Why We Explore

I am interacting with data, and yet I am not searching for anything in particular. I might not care should I not find anything of interest.

And yet I have a desire to ascribe a purpose to what I am doing, to give it a name is to give it value, it proves that my time can be accounted for.

If I call what I am doing “exploring”, what is my goal state? Do I want an overview of the data, a map of its high-level structure? What if the data is devoid of structure? Do I still need a map?

Perhaps I am not exploring, but merely preparing the data for analysis that I foresee occurring in the future. I am coordinating, sorting, aggregating, summarizing, and generating descriptive statistics that describe my data. I am simplifying and cleaning the data, I am plotting subsets of the data, I am arranging and annotating these plots.

If I don’t have a goal in mind, these activities don’t appear to be very pragmatic. I could do these activities because I assure myself that any emergent analytical question will be facilitated from these manipulations of the data. I do these activities because I want to refine my own conception of the data, my mental model. Interacting with the data externally facilitates the formation of this model in a way that would be difficult to accomplish internally in my mind. I can’t aggregate, sort, and coordinate all at once (I, like most of us, have a hard time keeping track of 7±2 bits of data in my head). External interactions with data makes the mental model tangible, less ephemeral and error-prone. I can then take my mental model and share it with you, whereupon it becomes your mental model too. A model of the data that we share captures our individual cognition, distributed across space and time.

This is an optimistic way of explaining how I interact with data: I appear organized, prepared, and ready to collaborate. But could there exist a simpler explanation, one that is based in self-interest, habit, or even boredom? Interacting with data can be stimulating, even in the absence of an analytical goal or a knowledge gap needing to be filled. What if I just want to be entertained? What if organizing, aggregating, and sorting data are merely diversions that make me feel powerful, giving me a sense of accomplishment that I have imposed a structure on something previously less structured. Or perhaps I’m just genuinely curious. I could also be seeking inspiration, or inspiration might be a byproduct of this diversion; I might identify a knowledge gap that might bring about an analytical goal, an actual need to understand the data by means of directed, pragmatic inquiry.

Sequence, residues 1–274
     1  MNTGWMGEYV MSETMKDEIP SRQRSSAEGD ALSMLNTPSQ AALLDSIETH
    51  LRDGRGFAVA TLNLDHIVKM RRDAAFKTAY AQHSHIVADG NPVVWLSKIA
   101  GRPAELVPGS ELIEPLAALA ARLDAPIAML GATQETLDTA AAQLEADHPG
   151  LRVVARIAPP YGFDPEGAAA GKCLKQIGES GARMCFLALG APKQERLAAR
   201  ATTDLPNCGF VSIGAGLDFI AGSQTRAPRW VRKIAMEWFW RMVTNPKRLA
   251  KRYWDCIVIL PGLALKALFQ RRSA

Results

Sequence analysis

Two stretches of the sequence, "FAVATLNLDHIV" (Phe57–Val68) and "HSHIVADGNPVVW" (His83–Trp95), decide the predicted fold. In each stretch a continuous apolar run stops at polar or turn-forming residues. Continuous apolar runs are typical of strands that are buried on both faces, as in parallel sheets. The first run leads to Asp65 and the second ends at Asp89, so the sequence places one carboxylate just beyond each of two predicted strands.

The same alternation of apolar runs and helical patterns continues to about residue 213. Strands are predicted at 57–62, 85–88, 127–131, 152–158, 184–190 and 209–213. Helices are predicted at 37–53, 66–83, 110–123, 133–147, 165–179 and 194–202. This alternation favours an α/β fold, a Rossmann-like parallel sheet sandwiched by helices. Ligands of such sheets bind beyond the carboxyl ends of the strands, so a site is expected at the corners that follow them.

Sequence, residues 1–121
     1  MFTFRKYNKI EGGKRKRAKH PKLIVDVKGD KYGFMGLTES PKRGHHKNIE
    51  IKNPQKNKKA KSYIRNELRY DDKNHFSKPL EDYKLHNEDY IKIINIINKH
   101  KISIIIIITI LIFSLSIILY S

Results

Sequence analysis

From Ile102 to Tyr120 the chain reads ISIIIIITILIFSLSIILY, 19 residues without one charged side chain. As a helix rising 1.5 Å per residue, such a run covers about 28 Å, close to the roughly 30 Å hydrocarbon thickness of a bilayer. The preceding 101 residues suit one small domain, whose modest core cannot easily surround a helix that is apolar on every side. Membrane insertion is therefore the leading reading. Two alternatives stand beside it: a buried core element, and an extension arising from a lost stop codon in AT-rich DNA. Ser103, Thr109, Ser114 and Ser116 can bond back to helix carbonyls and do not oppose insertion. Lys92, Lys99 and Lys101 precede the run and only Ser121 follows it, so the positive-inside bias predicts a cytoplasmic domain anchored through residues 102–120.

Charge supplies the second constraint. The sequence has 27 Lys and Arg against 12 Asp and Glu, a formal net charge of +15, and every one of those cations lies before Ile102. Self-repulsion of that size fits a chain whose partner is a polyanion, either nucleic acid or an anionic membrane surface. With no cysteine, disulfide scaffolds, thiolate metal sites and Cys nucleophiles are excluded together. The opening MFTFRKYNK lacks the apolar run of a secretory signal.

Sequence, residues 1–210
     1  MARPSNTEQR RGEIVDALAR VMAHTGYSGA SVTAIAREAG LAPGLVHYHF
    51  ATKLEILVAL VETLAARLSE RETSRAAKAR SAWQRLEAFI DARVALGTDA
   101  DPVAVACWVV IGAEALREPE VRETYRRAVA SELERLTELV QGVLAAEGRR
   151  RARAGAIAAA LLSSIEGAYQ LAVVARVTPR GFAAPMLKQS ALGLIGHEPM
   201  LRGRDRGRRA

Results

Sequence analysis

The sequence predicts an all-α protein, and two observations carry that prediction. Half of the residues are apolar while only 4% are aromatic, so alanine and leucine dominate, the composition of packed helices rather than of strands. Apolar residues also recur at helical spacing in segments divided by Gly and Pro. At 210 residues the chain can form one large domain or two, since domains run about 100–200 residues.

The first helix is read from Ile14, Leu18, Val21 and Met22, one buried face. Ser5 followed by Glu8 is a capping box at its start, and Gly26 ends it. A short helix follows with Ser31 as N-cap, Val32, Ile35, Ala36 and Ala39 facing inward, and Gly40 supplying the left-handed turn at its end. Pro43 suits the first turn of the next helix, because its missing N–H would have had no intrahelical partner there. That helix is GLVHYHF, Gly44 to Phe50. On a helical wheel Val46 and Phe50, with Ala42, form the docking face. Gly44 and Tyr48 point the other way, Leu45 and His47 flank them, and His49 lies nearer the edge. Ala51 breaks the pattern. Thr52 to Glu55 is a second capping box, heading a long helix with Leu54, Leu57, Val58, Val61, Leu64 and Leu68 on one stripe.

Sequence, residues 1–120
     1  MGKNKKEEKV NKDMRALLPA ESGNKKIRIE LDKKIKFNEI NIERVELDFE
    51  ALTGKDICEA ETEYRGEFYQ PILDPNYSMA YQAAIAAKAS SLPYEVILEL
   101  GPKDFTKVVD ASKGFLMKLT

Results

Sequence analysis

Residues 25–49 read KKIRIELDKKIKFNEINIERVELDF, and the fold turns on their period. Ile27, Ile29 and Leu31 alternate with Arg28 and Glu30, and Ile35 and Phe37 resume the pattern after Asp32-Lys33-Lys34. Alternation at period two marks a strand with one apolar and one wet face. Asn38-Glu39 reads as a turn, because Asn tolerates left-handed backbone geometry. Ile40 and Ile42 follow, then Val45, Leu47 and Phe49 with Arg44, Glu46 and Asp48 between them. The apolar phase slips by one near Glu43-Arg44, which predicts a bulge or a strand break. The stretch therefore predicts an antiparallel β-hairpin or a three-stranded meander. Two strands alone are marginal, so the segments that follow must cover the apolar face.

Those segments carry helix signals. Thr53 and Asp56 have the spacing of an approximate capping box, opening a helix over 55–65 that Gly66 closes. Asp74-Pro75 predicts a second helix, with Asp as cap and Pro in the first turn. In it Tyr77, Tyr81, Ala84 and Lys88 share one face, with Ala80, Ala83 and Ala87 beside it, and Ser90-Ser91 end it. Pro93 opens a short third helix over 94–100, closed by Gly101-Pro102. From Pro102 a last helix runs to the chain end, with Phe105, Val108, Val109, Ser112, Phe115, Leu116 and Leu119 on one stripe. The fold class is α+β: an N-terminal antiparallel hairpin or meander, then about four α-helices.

I wonder, will anyone care about this alternative explanation? Outside of casual settings, is there value in casting the act of interacting with data as a diversion, as entertainment? Data analysts in professional and academic settings are paid to be pragmatic, to analyze data with tangible goals, to use expensive data analysis tools intended for this purpose. This is likely to be an overgeneralization; I expect that many analysts are hired on the basis of their ability to solve problems in creative ways. So where does creativity come from? A murky question, no doubt, but nevertheless semantically linked to inspiration, diversion, and entertainment.

Further reading:

Kirsh, D. (2006). Distributed cognition: A methodological note. Pragmatics & Cognition, 249-262.

Liu, Z., Nersessian, N. and Stasko, J. T. (2008). Distributed cognition as a theoretical framework for information visualization. IEEE Trans. Visualization and Computer Graphics (TVCG) 14, 1173-80.

Toms, E. G. (2000). Understanding and facilitating the browsing of electronic text. International Journal of Human-Computer Studies 52, 423-452.

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